Trinity Institute has named one grand-prize winner and two runners-up in its 44th National Theological Conference essay competition. This year’s theme was “Creating Common Good: A Practical Conference on Economic Equality.”
Willis Jenkins, associate professor and director of graduate studies in the University of Virginia’s Department of Religious Studies, won first place for his essay, “Is Plutocracy Sinful?”
Honorable mentions were awarded to Scott Bader-Saye, professor of Christian ethics and moral theology and academic dean at Seminary of the Southwest, for “Closing the Gap: A Social Imaginary for the Common Good” and Amaryah Jones-Armstrong, a graduate student in theological studies at Vanderbilt University, for “The Spirit and the Subprime: Race, Risk, and our Common Dispossession.”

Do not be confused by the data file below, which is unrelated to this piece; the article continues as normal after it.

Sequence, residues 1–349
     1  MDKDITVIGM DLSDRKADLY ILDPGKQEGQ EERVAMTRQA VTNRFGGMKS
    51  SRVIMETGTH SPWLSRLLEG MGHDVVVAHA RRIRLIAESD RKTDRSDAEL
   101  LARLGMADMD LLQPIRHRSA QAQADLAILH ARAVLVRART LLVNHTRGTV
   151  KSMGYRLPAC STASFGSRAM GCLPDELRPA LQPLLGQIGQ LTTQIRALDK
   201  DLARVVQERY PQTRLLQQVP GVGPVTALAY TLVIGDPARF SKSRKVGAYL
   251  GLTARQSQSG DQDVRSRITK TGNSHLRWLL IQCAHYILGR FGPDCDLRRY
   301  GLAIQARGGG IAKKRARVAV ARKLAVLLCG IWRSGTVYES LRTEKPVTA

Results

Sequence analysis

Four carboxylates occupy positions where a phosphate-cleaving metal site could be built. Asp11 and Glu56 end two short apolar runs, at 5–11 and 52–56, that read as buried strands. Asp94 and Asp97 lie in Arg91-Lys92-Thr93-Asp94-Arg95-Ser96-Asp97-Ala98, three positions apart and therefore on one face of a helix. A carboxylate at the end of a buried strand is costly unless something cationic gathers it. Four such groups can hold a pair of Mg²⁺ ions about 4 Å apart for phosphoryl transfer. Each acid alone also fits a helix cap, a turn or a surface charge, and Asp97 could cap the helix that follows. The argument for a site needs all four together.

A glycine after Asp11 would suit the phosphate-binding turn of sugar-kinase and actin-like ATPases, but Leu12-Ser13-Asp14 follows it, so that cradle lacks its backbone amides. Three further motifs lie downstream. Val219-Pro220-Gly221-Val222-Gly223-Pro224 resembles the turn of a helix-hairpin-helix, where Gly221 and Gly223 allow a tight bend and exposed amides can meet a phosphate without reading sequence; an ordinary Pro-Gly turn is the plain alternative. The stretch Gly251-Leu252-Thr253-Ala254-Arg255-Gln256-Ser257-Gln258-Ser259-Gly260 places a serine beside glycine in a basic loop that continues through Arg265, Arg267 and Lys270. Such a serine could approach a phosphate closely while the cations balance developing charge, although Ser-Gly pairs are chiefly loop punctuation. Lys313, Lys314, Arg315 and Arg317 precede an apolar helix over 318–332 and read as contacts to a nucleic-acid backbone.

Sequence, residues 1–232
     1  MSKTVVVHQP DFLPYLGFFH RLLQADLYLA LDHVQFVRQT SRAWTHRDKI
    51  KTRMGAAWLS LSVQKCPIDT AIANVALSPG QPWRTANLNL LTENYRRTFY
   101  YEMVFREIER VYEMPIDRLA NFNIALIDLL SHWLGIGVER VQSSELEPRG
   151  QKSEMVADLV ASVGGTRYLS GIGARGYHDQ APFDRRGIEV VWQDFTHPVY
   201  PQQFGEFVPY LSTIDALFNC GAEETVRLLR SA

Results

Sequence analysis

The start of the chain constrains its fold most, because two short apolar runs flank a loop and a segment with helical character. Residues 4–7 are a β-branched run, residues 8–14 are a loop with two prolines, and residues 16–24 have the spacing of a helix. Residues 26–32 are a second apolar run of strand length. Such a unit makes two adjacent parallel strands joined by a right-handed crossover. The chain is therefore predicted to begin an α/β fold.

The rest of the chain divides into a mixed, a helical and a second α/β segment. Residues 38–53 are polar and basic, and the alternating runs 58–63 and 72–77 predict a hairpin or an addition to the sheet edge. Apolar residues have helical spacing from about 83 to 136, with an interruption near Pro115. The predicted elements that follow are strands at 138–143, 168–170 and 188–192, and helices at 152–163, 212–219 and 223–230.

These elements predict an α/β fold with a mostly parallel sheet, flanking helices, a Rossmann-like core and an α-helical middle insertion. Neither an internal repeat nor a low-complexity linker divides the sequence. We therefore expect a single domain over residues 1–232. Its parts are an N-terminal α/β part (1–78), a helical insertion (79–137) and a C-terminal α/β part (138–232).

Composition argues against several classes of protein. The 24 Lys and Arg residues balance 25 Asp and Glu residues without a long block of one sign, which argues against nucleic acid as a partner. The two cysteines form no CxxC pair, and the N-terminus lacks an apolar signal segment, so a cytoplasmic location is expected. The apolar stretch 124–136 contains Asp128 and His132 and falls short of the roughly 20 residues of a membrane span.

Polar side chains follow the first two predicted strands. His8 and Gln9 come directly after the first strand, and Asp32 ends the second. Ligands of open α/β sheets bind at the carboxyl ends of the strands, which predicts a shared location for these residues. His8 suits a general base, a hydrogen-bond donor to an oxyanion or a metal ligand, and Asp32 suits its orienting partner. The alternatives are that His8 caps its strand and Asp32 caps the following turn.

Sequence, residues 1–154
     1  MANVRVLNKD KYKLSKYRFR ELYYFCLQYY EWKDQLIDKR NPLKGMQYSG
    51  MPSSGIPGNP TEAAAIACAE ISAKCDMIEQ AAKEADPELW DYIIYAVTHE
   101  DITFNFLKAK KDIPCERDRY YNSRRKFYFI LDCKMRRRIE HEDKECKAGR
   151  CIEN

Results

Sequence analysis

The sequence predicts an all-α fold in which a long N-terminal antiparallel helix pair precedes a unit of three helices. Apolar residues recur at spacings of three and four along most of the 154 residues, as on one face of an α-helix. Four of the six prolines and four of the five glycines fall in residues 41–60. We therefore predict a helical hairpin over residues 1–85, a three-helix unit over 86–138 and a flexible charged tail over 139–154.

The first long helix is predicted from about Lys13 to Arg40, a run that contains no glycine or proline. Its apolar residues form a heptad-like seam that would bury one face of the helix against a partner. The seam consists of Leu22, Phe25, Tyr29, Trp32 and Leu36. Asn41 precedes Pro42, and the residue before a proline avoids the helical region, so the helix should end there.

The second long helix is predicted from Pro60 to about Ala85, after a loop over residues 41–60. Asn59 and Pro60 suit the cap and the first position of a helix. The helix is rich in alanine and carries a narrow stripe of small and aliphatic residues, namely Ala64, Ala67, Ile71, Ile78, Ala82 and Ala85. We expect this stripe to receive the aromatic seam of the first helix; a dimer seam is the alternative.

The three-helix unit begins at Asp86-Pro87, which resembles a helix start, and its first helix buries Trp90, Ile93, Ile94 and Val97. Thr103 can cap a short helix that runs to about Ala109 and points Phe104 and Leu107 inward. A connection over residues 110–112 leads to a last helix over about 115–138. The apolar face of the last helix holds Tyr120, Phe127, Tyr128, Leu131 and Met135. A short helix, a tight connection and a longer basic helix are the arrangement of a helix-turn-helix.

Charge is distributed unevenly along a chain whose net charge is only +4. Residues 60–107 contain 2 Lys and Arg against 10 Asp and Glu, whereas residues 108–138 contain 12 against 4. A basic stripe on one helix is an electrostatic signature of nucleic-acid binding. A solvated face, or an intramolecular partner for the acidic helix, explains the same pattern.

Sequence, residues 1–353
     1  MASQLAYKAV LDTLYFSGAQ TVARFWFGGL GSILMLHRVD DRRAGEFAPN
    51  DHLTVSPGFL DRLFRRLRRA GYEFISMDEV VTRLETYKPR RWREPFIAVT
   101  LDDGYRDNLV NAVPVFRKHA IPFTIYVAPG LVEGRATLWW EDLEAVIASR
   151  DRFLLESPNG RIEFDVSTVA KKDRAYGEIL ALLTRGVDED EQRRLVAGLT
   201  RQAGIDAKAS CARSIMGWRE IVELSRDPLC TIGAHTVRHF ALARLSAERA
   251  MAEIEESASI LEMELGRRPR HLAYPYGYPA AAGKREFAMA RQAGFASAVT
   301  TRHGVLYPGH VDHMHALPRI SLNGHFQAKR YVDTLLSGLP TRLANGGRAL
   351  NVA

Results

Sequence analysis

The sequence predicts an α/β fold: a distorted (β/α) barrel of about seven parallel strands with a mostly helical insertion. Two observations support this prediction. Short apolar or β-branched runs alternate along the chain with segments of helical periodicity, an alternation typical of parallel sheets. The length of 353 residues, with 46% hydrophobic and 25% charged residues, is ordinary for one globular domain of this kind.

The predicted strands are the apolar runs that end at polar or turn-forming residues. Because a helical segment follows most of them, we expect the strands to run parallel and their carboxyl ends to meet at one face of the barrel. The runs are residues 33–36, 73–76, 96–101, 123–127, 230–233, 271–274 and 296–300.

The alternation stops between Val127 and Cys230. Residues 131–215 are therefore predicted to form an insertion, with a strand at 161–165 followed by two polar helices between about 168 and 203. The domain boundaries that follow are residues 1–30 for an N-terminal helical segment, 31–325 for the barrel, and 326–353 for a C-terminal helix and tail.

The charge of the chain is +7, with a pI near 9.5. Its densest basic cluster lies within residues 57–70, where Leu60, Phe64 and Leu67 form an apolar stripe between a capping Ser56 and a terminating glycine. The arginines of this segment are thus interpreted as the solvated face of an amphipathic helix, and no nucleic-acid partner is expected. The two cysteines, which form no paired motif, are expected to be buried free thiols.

Trinity Institute asked essayists to discuss how to pursue God’s promise of abundant life against the backdrop of the global financial crisis. The three essays presented alternatives to the status quo that are consistent with Scripture, theological traditions, and contemporary understandings of human flourishing.
The first-place prize is $10,000; the runners-up will each receive $2,500. All three essays will be published in the February edition of Anglican Theological Review and the three winners will participate in a panel discussion at Trinity Church on Nov. 8. The discussion will be webcast at trinitywallstreet.org.